EDIT: I got curious and checked out what the times and RAM needs would look like for a 1M matrix at KM’s current level of optimization, which is perhaps decent but not great. On an intel core i5-11600K using 5 cores, I can assemble a 1M x 1M matrix with sensible hierarchical settings in about 1 minute, and factorize it in a bit less than that. But you’d probably want at least 24GB of RAM, in my estimation, if you’re going to parallelize over cores like I did, because that really blows up the memory use for some reason. I am having some really strange and unhappy perf issues with this CPU, so perhaps your timings would be better than mine. But in any case, definitely possible and numerically stable enough to be an option if you’re willing to not use fancy Bayesian methods.

1 Like

Not too much, but some. To quantify a bit: There are about 300-1000 observations per day for some years. I think the overall standard deviation is 20x the standard deviation of the daily means. But during some periods there is a marked change in the value for a while, which I would like to capture.

randn is what I meant, right.

In addition to the temporal variable, there are 2-5 continuous predictors and another 2-5 categorical ones.

I have no experience trying something like this, but this approach seemed rather interesting: it uses a simple subsampling approach based on graphons. (It’s especially interesting to me; my background is mainly network analysis, and I was a bit surprised to see graphons used outside of that context.)

So if you can get an unbiased estimate of the partial derivatives of you log-likelihood/log posterior density then you are in business to use ZigZagBoomerang.jl

For example for a model

n = 1_000_000
D = 2
σ2 = 1.0
γ0 = 0.1
d = D + n
β = randn(D)
X = [randn(n) for i in 1:D]
t = range(0.0, 1.0, length=n)
x = sin.(2pi*t)
y = sum(X .* β) + x + sqrt(σ2)*randn(n)

and a Gaussian random walk smoothing prior on the time component x with banded precision matrix

1000000×1000000 SparseMatrixCSC{Float64, Int64} with 4999994 stored entries:

I can estimate unbiasedly this partial derivative of the negative log density of the posterior nicely with

function ∇ϕ(u, i_, Γ, X, y, K = 20)
    β = u[1:D]
    x = @view u[D+1:end]
    if i_ > D
        i = i_ - D
        a = ZigZagBoomerang.idot(Γ, i, x) + (x[i] - y[i])/σ2
        for di in 1:D
            a += β[di]*X[di][i]/σ2  
        return a
        i = i_
        a = γ0*β[i]
        s = n/K/σ2
        for k in 1:K # use an unbiased estimate of the log-likelihood sampling K observations
            j = rand(1:n)
            a += s*X[i][j]*(x[j] + X[1][j]*β[1] + X[2][j]*β[2] - y[j])
        return a  

so you can use the Zig-Zag sampler. A bit of more work is needed to find an pre-estimate of the posterior location and scale to make the sampling efficient. But then

julia> include("million.jl")
Progress:  55%|█████████████████████████████▏                       |  ETA: 0:04:00

and you have the beginning of a nice chain…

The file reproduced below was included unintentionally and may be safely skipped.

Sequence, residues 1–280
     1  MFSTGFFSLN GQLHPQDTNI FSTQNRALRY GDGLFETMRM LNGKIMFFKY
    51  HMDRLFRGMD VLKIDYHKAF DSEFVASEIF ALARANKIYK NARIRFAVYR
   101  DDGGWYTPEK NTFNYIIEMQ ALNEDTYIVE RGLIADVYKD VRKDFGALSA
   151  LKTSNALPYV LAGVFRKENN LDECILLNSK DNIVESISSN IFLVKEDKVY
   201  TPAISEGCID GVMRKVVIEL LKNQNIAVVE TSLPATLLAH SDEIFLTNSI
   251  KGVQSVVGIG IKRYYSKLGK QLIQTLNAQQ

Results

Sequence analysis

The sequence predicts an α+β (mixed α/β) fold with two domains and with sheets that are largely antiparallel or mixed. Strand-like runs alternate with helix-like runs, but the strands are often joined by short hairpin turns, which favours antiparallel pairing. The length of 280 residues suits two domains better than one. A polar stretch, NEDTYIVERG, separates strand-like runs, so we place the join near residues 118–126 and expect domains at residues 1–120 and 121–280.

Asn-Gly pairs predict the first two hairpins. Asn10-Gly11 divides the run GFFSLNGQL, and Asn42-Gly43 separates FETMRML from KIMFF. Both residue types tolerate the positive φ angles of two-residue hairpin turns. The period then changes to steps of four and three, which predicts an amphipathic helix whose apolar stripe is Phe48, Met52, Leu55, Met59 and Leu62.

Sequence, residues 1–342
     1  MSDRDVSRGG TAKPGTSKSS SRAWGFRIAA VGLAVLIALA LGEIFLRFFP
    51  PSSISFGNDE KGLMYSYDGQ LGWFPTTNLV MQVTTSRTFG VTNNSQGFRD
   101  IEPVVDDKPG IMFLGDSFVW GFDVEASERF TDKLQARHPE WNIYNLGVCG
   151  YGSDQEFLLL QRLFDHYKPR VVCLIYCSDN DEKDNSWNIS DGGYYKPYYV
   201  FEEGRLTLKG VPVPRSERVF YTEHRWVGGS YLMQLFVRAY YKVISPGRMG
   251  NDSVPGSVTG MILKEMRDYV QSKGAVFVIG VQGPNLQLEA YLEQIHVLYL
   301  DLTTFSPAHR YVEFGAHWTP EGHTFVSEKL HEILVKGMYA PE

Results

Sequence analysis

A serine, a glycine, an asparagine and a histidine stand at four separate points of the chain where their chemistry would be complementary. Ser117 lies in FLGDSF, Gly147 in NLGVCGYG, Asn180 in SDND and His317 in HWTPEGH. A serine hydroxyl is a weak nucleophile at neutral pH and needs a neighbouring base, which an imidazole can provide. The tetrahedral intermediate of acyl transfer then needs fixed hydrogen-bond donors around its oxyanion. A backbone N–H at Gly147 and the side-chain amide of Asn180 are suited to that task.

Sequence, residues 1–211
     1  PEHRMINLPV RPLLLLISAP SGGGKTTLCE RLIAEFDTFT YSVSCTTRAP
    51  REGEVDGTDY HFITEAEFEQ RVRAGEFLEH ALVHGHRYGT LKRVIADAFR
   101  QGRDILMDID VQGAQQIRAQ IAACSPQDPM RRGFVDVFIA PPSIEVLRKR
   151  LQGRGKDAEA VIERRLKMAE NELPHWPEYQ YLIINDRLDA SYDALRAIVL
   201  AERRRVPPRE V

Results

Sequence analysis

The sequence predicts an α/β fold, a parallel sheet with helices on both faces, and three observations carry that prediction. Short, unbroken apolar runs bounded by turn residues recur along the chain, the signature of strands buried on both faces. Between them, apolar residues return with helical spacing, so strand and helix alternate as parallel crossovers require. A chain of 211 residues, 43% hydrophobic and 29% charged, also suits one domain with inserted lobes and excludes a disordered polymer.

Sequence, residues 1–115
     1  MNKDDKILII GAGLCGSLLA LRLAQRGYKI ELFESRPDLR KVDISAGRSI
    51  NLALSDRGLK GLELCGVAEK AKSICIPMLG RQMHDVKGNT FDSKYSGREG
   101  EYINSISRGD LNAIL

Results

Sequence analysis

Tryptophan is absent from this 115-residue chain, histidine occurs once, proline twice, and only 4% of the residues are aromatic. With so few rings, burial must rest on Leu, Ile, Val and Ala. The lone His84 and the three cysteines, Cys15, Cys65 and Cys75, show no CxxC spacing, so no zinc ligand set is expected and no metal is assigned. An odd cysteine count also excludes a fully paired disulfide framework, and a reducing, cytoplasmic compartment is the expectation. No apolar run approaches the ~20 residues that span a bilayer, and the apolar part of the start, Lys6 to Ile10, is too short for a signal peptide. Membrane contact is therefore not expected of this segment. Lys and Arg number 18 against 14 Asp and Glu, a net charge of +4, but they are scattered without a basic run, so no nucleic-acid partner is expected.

You need to sample a bit more to get the precise estimates, just look at the scale of the y-axis to get an idea how concentrated that posterior for the parameters is.

This was brought to you by the department of advertisement of ZigZagBoomerang.jl

I put the code here: ZigZagBoomerang.jl/million.jl at master · mschauer/ZigZagBoomerang.jl · GitHub

You need #master and may want to start julia with 4 threads

julia -t 4 --check-bounds=no

@mschauer This is very cool and it executes quickly on my data.

I am challenged to use it myself because I’m likely to do it wrong. I don’t have confidence that I can correctly build big derivative functions like the one excerpted above, or keep track of so many objects and how to use them as in lines like

spdmp(∇ϕ, t0, x0, θ0, T, c, G, Z, Γ, X, y, (xpost, βpost, bias), K; structured=true, adapt=true, progress=true)

Is it possible to use tools like Soss to build the model or Zygote to differentiate it, to take some of the delicate parts out of my error-prone inexpert hands?


@jzr Thank you, support for Soss.jl and perhaps other things is under construction, so you are essentially working with a back-end directly and I see it feels.

In any case you can use ForwardDiff to get your partial derivatives of the log-likelihood, see ZigZagBoomerang.jl/example1.jl at master · mschauer/ZigZagBoomerang.jl · GitHub

But… in that case I would simplify your model, there is no need to have 1_000_000 latent points, I would change a bit the model, e.g. by a piecewise constant process with “only” 10_000 grid points. Then you can also afford to use autodiff instead of a hand-crafted estimator of the neg-log-likelihood.

But while we are at it: What is what?

∇ϕ(x, i, args...) – partial derivative i of negative log likelihood
t0 – starting time of the process
x0 – starting point of the process
θ0 – starting momenta of the process
T – end time of the process
c – a vector of small numbers just take 1e-7ones(length(x0)), the algorithm with adapt=true increases to the right choice
G – see below
Z – The dynamics of the process (e.g. ZigZag)
args... – the rest are args for ∇ϕ

G is the tricky one: G[i] == i => J tells on which coordinates x[j] for j in J the expression ∇ϕ(x, i) actually depends. That’s known to the probabilistic program generating the density, but doing it by hand is tedious. I’ll think I can compute it.

1 Like

If you’re willing to roll your own solver, there are methods like this or this that handle million data points without variational approximations. However, there are no easy to use implementation of these methods yet. So you’ll have to implement them yourself.

1 Like